Smoked Beef Plate Ribs are tender, beefy, and mouthwatering. These flavorful beef plate ribs are seasoned with salt, pepper, and garlic and pack a generous helping of meat per bone. Each of these smoked beef ribs will feed two people, as they can weigh 1-2 pounds each. Wow! Get your smoker going; we’re about to have a good time.
What are beef plate ribs?
Beef plate ribs (or beef spare ribs) come from the belly portion of the animal. This cut should not be confused with beef back ribs which are located near the spine. Beef plate ribs are well-marbled, thick slabs of meat nestled around the bone. Butchers will cut these ribs into thin strips across the bone to form flanken ribs (popular in Korean cuisine) or slice them into smaller sections creating short ribs. Beef plate ribs lend themselves well to low and slow cooking. This makes them a great candidate for hot smoke cooking, braising, and fast cooking (especially the flanken ribs).
Beef plate ribs are easier to find here in central Texas, but they are available elsewhere through bulk grocery stores, online meat purveyors like Snake River Farms, or your local butcher.
Beef Rib Success:
- Preparation: Most beef plate ribs come pre-trimmed and packaged. However, if you get one fresh from the butcher, you might need to clean it up. Using a sharp knife, remove the tough connective tissue, or silver skin, covering the meat. Not only does this connective tissue create a barrier to smoke, but silver skin is tough and inedible.
- Next, cut off any hanging bits of fat and flesh from the beef plate.
- Flavor: Choose a simple rub for beef plate ribs. A simple SPG (salt, pepper, garlic) rub will do.
- Binding Agent: Use a binding agent like yellow mustard, oil, hot sauce, or Worcestershire sauce to help the rub stick. Apply a thin layer of your preferred binding agent before applying the rub. A binding agent is not required, so if you prefer not to use one, that is 100% okay!
- Essentials: Prepare for a 6+ hour cooking time. Have enough fuel available, and choose a wood that works well with beef (see below for suggestions).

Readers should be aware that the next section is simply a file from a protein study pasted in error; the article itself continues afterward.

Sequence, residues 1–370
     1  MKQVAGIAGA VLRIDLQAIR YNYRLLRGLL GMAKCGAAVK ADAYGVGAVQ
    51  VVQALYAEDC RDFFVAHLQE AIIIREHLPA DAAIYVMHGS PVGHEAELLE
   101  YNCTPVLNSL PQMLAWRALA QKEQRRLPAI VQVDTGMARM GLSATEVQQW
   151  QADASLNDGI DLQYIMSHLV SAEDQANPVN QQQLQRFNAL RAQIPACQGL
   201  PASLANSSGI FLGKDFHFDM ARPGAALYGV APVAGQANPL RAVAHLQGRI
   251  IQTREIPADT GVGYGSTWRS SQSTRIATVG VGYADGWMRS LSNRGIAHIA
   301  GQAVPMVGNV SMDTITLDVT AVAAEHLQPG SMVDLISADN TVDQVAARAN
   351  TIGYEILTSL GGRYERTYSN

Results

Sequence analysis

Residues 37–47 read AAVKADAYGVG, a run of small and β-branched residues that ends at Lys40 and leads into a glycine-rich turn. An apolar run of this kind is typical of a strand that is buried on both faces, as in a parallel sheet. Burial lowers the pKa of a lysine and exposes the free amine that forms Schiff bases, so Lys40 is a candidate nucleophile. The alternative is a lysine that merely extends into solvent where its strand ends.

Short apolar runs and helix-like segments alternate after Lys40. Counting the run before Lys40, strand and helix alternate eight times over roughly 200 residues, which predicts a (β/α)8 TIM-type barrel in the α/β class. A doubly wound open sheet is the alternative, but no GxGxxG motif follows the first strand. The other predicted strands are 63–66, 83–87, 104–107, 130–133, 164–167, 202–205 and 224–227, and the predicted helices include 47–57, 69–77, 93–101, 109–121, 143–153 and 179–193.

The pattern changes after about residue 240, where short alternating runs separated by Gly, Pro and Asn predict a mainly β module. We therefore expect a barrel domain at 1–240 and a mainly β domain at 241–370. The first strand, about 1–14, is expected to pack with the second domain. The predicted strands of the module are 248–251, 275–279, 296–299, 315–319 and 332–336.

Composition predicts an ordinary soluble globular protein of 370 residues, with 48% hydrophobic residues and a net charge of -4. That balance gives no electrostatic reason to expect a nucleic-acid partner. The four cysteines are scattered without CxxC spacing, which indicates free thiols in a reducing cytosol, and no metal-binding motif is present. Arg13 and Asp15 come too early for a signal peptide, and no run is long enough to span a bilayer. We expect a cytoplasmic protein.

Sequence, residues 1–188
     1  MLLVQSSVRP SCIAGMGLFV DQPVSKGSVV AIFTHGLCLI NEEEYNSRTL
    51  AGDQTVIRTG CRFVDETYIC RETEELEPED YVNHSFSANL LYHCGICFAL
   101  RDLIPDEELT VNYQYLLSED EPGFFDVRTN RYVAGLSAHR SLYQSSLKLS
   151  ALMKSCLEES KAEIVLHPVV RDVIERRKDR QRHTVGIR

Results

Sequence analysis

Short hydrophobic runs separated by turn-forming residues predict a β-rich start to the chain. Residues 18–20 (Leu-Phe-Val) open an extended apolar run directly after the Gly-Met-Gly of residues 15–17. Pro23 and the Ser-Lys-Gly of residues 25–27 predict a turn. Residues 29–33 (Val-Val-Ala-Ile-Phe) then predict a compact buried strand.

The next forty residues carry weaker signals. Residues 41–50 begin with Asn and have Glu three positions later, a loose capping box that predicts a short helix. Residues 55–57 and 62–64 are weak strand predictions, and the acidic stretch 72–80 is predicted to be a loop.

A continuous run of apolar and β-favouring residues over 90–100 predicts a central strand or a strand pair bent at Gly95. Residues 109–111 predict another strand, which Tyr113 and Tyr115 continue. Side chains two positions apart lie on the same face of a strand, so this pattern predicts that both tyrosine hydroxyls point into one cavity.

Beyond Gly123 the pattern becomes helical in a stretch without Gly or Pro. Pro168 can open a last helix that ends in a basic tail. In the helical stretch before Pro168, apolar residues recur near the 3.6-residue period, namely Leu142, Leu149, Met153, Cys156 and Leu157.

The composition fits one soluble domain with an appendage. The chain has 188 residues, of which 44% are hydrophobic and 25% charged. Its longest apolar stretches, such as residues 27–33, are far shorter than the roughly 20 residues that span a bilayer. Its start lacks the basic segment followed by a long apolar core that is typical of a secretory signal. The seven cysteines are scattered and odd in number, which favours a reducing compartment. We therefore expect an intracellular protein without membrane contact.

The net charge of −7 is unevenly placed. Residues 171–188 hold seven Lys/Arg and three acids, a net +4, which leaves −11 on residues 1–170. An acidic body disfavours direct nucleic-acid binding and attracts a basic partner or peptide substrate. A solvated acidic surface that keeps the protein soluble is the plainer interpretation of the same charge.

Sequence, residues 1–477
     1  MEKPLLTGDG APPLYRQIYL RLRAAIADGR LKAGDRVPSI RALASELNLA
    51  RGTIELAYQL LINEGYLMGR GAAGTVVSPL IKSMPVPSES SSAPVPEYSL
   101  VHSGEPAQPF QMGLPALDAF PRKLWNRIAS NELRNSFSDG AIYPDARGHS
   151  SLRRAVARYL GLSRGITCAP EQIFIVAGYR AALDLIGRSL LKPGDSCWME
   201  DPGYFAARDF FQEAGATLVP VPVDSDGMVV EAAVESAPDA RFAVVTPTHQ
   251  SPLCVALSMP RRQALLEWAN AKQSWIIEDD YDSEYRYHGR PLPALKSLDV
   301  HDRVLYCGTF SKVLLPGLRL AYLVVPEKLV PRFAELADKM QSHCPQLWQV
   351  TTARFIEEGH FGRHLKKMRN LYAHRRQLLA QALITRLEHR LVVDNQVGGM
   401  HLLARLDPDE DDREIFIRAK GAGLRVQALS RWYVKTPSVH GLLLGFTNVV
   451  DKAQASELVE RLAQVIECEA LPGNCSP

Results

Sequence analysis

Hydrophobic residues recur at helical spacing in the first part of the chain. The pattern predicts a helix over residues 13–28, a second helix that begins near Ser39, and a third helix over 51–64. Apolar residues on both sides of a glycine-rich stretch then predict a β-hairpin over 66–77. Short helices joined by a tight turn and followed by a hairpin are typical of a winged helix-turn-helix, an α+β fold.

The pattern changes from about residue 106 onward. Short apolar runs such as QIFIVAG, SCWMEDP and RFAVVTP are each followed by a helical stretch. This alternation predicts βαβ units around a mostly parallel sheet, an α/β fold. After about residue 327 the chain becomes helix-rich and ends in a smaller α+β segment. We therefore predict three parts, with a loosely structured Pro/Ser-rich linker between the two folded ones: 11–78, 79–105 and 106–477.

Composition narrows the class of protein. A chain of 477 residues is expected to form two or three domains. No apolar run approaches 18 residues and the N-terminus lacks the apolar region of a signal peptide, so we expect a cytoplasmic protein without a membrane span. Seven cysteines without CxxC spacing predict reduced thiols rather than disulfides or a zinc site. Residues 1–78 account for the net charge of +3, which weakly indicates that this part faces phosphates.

- 3-bone beef plate ribs
- Black pepper
- Granulated Garlic (substitute with garlic powder)
- Apple juice or Bourbon Spritz
- Spray bottle
Wood Suggestions: Oak, Apple, Hickory, or Alder
How to Smoke Beef Plate Ribs:
- Trim off the fat cap on the meat portion of the ribs. Some butchers will trim it down a bit, but it’s a good idea to trim off the silver skin and any thick knobs of fatty tissue. Fat acts as a barrier to smoke. Unlike intra-muscular fat (marbling), it will not keep the meat moist and can become rubbery.
- If you flip your rack of beef plate ribs over, you’ll notice a thick membrane covering the bones. Now, I do not remove this membrane on beef ribs, but some pitmasters will take it off. The process is similar to removing the membrane on pork ribs but might take a little extra effort based on its thickness. This step is not required, so feel free to leave it on if you’d like to.
- After trimming, blot the rack of beef ribs with a paper towel, Brush with a little oil or slather with 1- 1 1/2 tablespoons of yellow mustard (optional). I like to use hot sauce like sriracha or Yellow Bird to give it an extra layer of flavor.
- Make a simple Texas-style SPG by combining 4 teaspoons of salt with two teaspoons of black pepper and 1 teaspoon of granulated garlic. Season beef plate ribs well with rub. Let the ribs stand at room temperature until your smoker is up to temp. You can also preseason the ribs up to 1 hour before cooking.
- Prepare your grill or smoker for 250 degrees F. Add your choice of wood. See above for wood recommendations. Plan on a 6-hour cooking time, with a rib doneness temperature of 200-205 degrees F. Have a reliable instant meat thermometer or temperature probe handy. You will need it!